· In Eagan, American Legion Post 594 and the Eagan Lions Club conducted a "Day of Remembrance" at Tribute and Memorial Plaza that included speeches from Police Chief Roger New, Fire Chief Hugo Searle, Eagan High School teacher and veteran Paul Kovach, and M Health Fairview EMS Deputy Chief Tom Dunn Jr.
· In Mantorville, Kasson American Legion Post 333 helped sponsor a Field of Flags dedication ceremony that placed more than 100 U.S. flags in the field behind the Dodge County Administration Office. The field honors veterans, EMS, police, and others who serve the public each day. “We just want to show people we honor our veterans, we honor the people that work for us, and whether it is a big community or a small community, everybody should be honoring them,” Post 333 Legionnaire Richard Denny said.
· In Greenville, American Legion Post 291 hosted an event at the gazebo in Veterans Memorial Park that included the post’s color guard, Boy Scouts and Girl Scouts.
· In Canandaigua, a parade led to American Legion Post 256 and its Trail of Remembrance 9/11 monuments to commemorate the day. The ceremony included remarks by Legionnaires and community members, lighting of candles, ringing of bells, a memorial prayer, a rifle salute and music.
· In Olean, American Legion Post 530 hosted an event at Lincoln Park that kicked off with a parade of emergency response vehicles from several communities in the area on Saturday, firefighters, police officers and EMTs. Hundreds of area residents attended the ceremony.
· In Horseheads, American Legion Riders Chapter 442 conducted a remembrance ride that included more than 150 motorcycles. In addition to the ride, there were vendors, live music, raffles and a craft fair; money raised from the ride and event went directly to the First Responders Fallen Children's Foundation.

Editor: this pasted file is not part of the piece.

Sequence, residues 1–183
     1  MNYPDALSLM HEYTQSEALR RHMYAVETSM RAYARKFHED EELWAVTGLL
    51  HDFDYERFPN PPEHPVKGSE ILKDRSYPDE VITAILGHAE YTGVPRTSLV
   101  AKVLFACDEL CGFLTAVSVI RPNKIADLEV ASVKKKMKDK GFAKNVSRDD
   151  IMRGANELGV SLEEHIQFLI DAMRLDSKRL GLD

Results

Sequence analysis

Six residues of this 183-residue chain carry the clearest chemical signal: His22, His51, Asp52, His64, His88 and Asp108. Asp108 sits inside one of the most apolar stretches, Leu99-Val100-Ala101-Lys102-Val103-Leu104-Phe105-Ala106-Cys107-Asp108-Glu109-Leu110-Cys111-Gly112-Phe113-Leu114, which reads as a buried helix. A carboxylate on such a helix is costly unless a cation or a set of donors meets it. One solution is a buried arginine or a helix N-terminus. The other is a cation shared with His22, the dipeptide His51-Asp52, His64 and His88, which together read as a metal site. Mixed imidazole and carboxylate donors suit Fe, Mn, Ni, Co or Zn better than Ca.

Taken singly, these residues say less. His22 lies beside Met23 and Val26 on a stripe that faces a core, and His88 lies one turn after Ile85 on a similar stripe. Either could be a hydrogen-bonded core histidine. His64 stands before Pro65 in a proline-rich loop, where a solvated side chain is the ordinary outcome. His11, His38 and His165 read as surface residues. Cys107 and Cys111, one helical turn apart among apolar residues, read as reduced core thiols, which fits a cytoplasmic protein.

In Amherst, hundreds attended a memorial ceremony in front of Town Hall that included a wreath laying, the striking of a bell in remembrance of those first responders who died on 9/11 and the U.S. military who have made the ultimate sacrifice in the war on terror.
“Your presence here sends a message that we will never forget 9/11, like we have never forgotten Pearl Harbor,” American Legion Post 118 Commander Clark Bruner said during the ceremony.
· In Celina, American Legion Post 145 hosted a ceremony in the downtown square that included Celina police officers, fire department personnel, city officials and residents. “The American Legion thought that because of the anniversary of 9/11, it was on us to spearhead an event to bring everyone together and pray and remember what happened 20 years ago,” Post 145 Commander Andy Hopkins told the Celina Record. “For the turnout we get, the support we get, for our first responders, our city in general, it’s really heartwarming to see.”
· In Cedar Park, American Legion Hunter-Morris Memorial Post 911 hosted an event that focused on those who died in the attacks and the heroes who came to help them. The ceremony consisted of moments of silence at the same time as the attacks, as well as various speakers from public safety and local military representatives. "I never thought that we would never, ever see another Pearl Harbor. We saw another Pearl Harbor 20 years ago today,” Post 911 Commander P.T. Turner said. “Always remember what those folks did, not only the ones that were innocent and died in it, but the ones that ran toward the building knowing that they were putting their lives in danger. Sure death in some cases. And they went anyway.”
In Strasburg, American Legion Shenandoah Post 77 was the site of a remembrance ceremony attended by nearly 100 area residents. Speakers included local government leaders and first responders.
· In Charles Town, American Legion Riders Chapter 71 staged a ride that featured 52 motorcycles and honored Jefferson County first responders. The 70-mile ride passed by each of the county’s police and fire stations and departed following the conclusion of the area’s annual remembrance ceremony at Independent Fire Department in Ranson.
· In Wheeling, American Legion Post 1, the city of Wheeling and the Ohio County Commission organized the “9/11 We will Never Forget” commemoration event at the Ohio County Airport. Past Department Commander John Powell served as the master of ceremonies for the event and thanked the Ohio County Commission for their part in organizing the event. “I think it is a great success and I thank them for what they’ve done to pay tribute to the veterans and the first responders,” Powell said.